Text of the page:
Understanding Stacks Post Conditions

Writing Secure, User-Friendly Smart Contracts on Stacks

Kenny Rogers's photo
Kenny Rogers
·Mar 11, 2022·

13 min read

Understanding Stacks Post Conditions

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What Are Post Conditions?

Post conditions are one of my favorite features of Stacks. They are one of the many unique features of Stacks and Clarity that helps make it easier for developers to build safe applications and for users to be safer users of those applications.

If you aren't familiar with Stacks or Clarity, you can check out my Intro to Stacks tutorial, where we walk through the basics of what Stacks is and how to build a full-stack app on it.

Now, what exactly are post conditions?

Put simply, post conditions are a set of conditions that must be met before a user's transaction will execute. The primary goal behind post conditions is to limit the amount of damage that can be done to a user's assets due to a bug, intentional or otherwise.

How Post Conditions Work

Post conditions allow the developer of an application to append a set of conditions that must be met. If these conditions are not met, the transaction will abort and the user will only be out the transaction fee.

How might this look in practice?

Say we are building an NFT marketplace and a user wants to purchase an NFT for 20 STX. As the developers of that application, we can embed post conditions stating that the purchaser's transaction should not transfer more than 20 STX and that they should own one NFT of that specific type.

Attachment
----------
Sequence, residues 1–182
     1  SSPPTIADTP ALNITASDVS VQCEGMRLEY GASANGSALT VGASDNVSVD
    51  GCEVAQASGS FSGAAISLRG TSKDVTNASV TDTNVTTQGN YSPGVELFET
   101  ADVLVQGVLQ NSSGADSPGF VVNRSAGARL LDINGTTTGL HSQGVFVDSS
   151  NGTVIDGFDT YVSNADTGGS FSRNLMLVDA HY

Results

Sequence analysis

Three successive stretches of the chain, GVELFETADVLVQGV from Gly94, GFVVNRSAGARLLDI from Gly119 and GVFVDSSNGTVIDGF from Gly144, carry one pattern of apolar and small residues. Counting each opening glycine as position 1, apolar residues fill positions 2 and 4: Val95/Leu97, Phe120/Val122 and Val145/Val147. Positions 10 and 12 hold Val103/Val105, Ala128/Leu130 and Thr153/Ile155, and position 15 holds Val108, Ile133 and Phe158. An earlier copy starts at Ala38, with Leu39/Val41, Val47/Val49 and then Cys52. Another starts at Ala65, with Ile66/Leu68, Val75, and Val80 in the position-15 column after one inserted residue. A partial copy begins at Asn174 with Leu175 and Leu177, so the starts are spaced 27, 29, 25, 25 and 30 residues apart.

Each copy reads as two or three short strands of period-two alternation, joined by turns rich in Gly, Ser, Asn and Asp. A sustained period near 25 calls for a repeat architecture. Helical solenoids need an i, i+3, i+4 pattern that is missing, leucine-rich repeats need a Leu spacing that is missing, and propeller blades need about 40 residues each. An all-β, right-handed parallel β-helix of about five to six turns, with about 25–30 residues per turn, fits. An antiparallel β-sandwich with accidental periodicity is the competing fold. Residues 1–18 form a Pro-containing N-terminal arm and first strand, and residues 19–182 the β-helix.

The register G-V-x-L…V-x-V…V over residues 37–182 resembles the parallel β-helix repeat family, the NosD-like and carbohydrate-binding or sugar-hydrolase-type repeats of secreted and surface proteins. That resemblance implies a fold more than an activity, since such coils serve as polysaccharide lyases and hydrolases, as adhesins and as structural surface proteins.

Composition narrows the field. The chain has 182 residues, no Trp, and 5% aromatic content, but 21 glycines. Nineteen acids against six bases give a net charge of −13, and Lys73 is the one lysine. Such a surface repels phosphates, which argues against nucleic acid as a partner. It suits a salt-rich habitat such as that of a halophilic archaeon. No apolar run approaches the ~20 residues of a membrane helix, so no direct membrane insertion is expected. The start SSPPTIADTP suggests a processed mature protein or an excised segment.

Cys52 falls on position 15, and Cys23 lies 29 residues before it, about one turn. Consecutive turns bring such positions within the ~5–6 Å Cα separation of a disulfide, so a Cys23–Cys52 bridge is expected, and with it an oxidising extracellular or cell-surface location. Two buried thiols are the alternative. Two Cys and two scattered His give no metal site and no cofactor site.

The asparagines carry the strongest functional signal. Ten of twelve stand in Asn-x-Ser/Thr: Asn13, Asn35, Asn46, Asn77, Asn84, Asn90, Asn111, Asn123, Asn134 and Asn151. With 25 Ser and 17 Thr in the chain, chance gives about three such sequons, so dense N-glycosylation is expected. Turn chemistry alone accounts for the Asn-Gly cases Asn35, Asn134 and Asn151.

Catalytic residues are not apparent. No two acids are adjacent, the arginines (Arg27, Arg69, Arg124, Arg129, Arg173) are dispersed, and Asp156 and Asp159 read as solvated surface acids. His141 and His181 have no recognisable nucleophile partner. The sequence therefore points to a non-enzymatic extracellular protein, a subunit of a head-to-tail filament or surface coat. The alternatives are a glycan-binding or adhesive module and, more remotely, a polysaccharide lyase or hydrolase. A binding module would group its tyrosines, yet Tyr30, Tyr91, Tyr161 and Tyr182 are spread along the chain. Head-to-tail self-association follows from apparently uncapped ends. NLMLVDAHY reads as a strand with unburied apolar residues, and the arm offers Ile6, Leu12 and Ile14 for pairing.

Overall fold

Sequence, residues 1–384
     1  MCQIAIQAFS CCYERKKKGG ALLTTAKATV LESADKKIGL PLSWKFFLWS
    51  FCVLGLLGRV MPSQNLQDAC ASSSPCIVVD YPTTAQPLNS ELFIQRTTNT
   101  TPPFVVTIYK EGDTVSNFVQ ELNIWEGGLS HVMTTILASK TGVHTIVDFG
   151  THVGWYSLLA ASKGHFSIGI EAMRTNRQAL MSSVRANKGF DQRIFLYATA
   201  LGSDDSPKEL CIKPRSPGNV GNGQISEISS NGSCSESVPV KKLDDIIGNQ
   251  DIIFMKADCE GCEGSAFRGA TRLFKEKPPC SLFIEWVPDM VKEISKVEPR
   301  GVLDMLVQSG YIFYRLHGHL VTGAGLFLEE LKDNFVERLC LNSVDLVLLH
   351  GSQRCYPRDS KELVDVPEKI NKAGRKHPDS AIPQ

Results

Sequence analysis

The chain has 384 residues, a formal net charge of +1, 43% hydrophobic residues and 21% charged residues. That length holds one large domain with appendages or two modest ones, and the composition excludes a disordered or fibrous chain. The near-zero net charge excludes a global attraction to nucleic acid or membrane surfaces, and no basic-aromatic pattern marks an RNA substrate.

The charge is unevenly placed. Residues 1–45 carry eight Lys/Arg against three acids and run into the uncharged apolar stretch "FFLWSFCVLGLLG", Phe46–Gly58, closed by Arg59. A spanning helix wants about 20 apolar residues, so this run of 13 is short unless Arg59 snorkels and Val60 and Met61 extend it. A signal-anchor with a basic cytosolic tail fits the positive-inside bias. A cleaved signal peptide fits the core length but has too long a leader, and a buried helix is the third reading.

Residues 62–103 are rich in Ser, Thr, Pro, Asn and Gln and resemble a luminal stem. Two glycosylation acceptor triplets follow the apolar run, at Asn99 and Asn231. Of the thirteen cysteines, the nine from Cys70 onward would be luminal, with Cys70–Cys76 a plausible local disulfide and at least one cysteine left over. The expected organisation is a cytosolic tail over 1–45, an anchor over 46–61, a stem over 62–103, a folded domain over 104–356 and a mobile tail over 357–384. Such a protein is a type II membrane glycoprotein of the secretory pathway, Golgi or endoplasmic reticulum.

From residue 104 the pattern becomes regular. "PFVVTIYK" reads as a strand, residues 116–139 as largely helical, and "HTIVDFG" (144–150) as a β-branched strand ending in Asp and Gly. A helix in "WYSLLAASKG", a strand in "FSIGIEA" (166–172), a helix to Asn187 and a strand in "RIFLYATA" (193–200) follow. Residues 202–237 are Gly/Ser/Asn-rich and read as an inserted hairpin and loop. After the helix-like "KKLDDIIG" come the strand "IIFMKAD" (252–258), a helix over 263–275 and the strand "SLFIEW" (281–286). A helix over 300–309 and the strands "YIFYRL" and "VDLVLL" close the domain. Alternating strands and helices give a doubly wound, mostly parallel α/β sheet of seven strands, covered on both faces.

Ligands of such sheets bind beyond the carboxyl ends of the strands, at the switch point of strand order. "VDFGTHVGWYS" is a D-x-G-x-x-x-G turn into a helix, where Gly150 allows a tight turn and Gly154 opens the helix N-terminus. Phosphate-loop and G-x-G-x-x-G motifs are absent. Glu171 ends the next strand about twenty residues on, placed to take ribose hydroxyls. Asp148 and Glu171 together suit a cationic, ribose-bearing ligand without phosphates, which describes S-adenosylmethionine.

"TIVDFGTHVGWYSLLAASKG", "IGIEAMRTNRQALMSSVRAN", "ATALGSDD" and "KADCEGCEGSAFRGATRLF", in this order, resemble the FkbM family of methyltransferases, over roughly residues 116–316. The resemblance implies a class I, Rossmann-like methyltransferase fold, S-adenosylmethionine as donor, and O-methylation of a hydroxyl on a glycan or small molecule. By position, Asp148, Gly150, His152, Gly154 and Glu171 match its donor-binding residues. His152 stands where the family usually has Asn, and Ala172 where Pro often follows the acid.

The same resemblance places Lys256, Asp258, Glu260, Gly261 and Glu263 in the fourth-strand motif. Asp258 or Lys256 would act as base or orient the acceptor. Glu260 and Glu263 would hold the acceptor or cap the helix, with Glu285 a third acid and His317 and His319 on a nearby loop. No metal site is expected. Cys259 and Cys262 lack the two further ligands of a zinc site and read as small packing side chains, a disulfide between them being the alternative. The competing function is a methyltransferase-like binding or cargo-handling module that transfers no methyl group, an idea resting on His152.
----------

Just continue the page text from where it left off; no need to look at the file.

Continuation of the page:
If contract execution would result in either of these two things not happening, the entire thing aborts and the purchaser loses nothing but the transaction fee.

It's crucial to note that post conditions are not something that is defined in a Clarity smart contract. They are meant to be separate from the contract so that the user has some control over what happens when they initiate a transaction outside of the contract itself.

So they are sent as part of the transaction when the user initiates it.

The post conditions will be shown prior to a user initiating a transaction in their wallet.

As web3 developers, it is our job to make sure we write code with good post conditions to safeguard our user's assets as much as possible.

Types of Post Conditions

We have three different types of post conditions to cover the three main types of assets on Stacks: NFTs, fungible tokens, and STX tokens.

All of these post conditions correspond to the transaction sender's account and assets.

Let's look at a few code examples pulled from the Stacks.js docs.

STX Post Condition

import {
  FungibleConditionCode,
  makeStandardSTXPostCondition,
  makeContractSTXPostCondition,
} from '@stacks/transactions';

// With a standard principal
const postConditionAddress = 'SP2ZD731ANQZT6J4K3F5N8A40ZXWXC1XFXHVVQFKE';
const postConditionCode = FungibleConditionCode.GreaterEqual;
const postConditionAmount = 12345n;

const standardSTXPostCondition = makeStandardSTXPostCondition(
  postConditionAddress,
  postConditionCode,
  postConditionAmount
);

// With a contract principal
const contractAddress = 'SPBMRFRPPGCDE3F384WCJPK8PQJGZ8K9QKK7F59X';
const contractName = 'test-contract';

const contractSTXPostCondition = makeContractSTXPostCondition(
  contractAddress,
  contractName,
  postConditionCode,
  postConditionAmount
);

Here we've got the basic setup for a post condition for a STX transfer.

After we import the necessary packages, we are setting up a condition that says that the user with the specified address will transfer an amount of STX that will be greater than or equal to the specified amount.

So as the user, if we were to initiate this transaction with the Hiro Wallet, we would be presented with a condition that stated that we will be transferring at least 12,345 STX or the transaction will abort.

The second section is doing something similar, but in this case it is being applied to the contract, so we're saying that the contract will be transferring at least the specified amount, rather than the user.